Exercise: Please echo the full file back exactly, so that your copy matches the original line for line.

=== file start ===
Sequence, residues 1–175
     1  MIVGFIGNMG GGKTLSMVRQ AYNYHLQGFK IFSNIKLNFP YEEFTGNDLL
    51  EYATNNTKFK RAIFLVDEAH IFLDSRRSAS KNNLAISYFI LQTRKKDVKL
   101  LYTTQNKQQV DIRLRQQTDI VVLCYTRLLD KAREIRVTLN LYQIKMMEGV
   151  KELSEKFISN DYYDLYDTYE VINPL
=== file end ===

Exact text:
Sequence, residues 1–175
     1  MIVGFIGNMG GGKTLSMVRQ AYNYHLQGFK IFSNIKLNFP YEEFTGNDLL
    51  EYATNNTKFK RAIFLVDEAH IFLDSRRSAS KNNLAISYFI LQTRKKDVKL
   101  LYTTQNKQQV DIRLRQQTDI VVLCYTRLLD KAREIRVTLN LYQIKMMEGV
   151  KELSEKFISN DYYDLYDTYE VINPL